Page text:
Music labels reeling at HMV woes

Shoppers in HMV in central London, 15 January 2013
Image caption Will HMV's big sale be its last hurrah?

The downfall of retail chain HMV has left many music lovers reeling - and none more so than the enthusiasts who run the UK's independent record labels.

With HMV's 239 stores in administration and a 25%-off sale in full swing, many small companies whose CDs are in the retailer's racks are anxiously waiting to see whether they will lose money as a result of the collapse.

Among those firms is World Music Network, which produces the popular Rough Guide series of world music compilations.

HMV is its most important customer and accounts for 50% of its sales, says Neil Record, who runs the label's sales and distribution department.

"Our sales through HMV have been very positive over the past year or so," he told BBC News, admitting that the chain's demise "came as a bit of a shock".

"We're a little bit in the dark as to whether we're going to get our stock back," he said, adding that a few thousand CDs were at stake.

Generous terms

World Music Network, like most independent labels, does not handle its own distribution. Its CDs are actually delivered to music outlets by Proper Music Distribution, which offers music from up to 600 different small labels from around the world.

Both Proper and Pias, which between them are responsible for getting most non-major label releases into the shops, are understandably reluctant to comment on the potential impact of HMV's plight on their businesses.

Image caption HMV's outlook is stormy

But music industry sources have confirmed to the BBC that in an effort to save the retailer from going under, suppliers both big and small have been providing it with stock on far more generous terms than were being extended to its independent counterparts.

Whereas most record shops have to pay suppliers within 30 days of being invoiced, HMV has been granted a 60-day period. The goods have also been supplied on a sale-or-return basis, meaning that HMV does not pay for items unless its customers shell out for them.

"That cut them a lot of slack," said one source. "In many ways, it was a lifeline for them."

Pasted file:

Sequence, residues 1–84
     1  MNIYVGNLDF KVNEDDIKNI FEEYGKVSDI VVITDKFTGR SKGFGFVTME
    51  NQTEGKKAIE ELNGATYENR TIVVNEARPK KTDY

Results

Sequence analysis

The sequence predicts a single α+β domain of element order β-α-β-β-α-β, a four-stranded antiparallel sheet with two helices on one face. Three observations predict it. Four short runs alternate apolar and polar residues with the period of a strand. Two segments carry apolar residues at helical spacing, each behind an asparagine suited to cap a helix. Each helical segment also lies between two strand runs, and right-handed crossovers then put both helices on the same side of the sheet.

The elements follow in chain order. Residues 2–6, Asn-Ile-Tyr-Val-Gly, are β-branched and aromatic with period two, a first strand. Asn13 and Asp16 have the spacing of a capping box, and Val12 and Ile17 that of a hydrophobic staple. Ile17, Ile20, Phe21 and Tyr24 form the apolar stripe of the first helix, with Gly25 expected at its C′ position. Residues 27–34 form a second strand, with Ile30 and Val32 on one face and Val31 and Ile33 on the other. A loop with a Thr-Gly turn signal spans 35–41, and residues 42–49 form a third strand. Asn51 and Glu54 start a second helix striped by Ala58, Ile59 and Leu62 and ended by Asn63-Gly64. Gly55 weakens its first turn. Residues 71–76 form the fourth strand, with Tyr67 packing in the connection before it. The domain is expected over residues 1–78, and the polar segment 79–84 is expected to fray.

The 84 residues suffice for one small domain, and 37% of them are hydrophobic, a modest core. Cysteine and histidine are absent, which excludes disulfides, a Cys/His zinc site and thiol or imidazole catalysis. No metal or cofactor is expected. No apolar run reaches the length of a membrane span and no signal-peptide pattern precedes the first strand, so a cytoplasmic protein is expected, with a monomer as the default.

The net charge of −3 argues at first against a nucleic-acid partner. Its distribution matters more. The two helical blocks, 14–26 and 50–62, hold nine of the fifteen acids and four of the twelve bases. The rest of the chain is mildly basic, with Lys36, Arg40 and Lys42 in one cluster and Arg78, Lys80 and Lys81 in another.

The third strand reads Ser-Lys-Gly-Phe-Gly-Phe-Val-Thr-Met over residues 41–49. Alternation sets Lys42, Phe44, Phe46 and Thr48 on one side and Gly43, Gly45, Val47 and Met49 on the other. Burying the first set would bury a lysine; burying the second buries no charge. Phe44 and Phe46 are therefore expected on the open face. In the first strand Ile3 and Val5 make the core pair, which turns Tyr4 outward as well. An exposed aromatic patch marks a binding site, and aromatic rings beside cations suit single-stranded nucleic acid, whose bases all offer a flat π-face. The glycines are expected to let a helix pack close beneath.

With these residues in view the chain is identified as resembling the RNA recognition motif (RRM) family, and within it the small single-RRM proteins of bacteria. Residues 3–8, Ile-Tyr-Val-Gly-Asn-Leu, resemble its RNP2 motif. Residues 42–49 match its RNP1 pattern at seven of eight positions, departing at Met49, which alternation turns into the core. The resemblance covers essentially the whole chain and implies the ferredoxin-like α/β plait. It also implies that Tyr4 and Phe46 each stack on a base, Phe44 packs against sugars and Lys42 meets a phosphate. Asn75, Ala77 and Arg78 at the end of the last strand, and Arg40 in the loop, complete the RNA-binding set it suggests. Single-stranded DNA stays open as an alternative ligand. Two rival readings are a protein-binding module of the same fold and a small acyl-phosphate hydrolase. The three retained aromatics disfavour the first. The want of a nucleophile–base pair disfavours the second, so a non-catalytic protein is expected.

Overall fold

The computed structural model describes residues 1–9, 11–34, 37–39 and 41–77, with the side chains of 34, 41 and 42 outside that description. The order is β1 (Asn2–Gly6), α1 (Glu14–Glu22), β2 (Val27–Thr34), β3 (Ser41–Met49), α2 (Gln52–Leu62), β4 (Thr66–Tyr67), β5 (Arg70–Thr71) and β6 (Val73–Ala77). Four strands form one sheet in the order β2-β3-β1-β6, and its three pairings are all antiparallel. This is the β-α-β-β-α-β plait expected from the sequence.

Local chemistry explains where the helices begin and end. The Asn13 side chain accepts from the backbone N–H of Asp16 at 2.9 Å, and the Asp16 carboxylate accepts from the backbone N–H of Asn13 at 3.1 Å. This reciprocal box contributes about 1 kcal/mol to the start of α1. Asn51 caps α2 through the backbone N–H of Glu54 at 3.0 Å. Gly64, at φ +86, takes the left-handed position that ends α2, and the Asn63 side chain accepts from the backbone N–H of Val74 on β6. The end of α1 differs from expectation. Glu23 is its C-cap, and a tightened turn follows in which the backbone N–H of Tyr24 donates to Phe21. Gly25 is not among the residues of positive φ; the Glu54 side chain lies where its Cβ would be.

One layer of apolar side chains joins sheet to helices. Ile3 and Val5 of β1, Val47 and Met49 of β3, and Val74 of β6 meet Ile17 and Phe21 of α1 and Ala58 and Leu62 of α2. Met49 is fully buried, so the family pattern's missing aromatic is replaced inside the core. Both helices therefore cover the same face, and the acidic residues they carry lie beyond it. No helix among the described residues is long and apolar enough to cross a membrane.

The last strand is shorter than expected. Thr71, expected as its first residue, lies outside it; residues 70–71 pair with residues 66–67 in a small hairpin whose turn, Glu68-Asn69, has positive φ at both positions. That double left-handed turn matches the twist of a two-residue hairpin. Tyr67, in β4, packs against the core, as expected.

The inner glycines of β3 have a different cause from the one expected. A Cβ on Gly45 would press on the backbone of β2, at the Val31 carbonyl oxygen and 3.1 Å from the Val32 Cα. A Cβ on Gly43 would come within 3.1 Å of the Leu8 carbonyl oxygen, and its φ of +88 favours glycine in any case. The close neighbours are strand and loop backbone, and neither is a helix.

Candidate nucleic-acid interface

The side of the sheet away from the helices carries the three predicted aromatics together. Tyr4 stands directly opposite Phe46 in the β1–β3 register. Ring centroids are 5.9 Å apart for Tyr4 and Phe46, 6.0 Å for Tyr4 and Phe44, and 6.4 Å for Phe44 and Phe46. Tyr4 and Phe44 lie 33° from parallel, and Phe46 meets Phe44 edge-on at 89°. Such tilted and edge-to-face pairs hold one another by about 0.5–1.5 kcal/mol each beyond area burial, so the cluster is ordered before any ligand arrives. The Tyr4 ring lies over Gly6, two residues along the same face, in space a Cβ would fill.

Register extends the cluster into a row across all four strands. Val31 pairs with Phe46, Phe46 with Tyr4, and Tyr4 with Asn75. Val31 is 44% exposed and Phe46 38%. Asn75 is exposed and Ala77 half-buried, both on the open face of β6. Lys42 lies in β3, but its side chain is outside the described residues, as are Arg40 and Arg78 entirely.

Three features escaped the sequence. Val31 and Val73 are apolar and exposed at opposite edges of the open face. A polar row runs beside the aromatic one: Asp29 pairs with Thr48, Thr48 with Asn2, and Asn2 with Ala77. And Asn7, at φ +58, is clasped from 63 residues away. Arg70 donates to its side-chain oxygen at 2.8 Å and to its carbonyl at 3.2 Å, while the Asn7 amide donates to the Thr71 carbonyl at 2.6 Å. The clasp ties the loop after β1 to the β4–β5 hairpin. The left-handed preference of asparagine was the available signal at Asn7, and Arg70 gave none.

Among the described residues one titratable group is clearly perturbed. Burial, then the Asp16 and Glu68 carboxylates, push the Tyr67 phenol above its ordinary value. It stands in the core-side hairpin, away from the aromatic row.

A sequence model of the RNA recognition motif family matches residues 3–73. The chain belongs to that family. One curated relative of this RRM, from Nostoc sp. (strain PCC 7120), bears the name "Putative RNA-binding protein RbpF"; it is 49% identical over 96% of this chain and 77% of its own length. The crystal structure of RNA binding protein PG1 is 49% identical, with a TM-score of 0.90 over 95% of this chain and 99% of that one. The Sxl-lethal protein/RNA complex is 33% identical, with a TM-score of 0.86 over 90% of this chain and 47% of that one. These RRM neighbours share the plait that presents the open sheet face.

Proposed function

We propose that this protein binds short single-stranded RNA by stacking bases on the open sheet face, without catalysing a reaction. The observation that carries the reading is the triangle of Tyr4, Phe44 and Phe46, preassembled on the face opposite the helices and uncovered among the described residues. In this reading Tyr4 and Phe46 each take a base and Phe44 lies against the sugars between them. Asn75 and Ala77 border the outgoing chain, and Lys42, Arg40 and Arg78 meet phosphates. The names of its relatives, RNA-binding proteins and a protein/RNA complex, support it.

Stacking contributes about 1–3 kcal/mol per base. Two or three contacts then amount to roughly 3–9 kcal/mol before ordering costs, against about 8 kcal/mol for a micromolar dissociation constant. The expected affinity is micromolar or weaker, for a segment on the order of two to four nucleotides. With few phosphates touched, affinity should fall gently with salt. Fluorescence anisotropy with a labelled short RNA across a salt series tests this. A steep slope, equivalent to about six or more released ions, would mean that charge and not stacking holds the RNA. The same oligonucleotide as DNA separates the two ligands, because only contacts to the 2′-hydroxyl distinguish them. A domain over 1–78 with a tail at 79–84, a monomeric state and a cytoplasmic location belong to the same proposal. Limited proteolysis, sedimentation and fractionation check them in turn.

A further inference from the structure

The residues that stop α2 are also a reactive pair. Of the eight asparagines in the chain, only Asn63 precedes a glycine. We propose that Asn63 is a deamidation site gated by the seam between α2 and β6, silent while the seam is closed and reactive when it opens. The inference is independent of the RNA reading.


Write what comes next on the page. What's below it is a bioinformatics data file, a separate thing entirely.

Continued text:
Suppliers have also put up with HMV's lack of central distribution, which means that distributors have to cart the CDs directly to individual shops.

December is the busiest month of the year for CD and DVD sales. HMV could normally expect to receive invoices for those sales this month.

With the 60-day grace period kicking in from the end of the month in which the invoice is received, HMV would not have had to pay the bill until springtime.

But now that HMV is in administration, things become more complicated. If HMV closes down completely, World Music Network and its fellow small labels, queuing up for repayment with the rest of the chain's creditors, might never get paid at all.

Rent crisis

But while independent record companies face losses from HMV's woes, at least one major label is potentially on the hook for a great deal more.

HMV used to be part of the EMI record company until 1998, when it was spun off as a separate concern. At the time, EMI agreed to guarantee rental agreements on some of HMV's stores.

When Universal acquired EMI last year, it took on those liabilities. So if those stores are shut down and not relet, Universal could face a rent bill running into tens of millions of pounds.

But back at World Music Network, Neil Record is concerned about how to reach his customers if HMV disappears from the nation's High Streets.

"We knew CDs were under attack from digital sales," he says. "It was inevitable, but we didn't expect it this soon."

Given how big a share of his company's product has been passing through HMV's doors, it's clear that he will have his work cut out to find new markets if HMV fails to survive.

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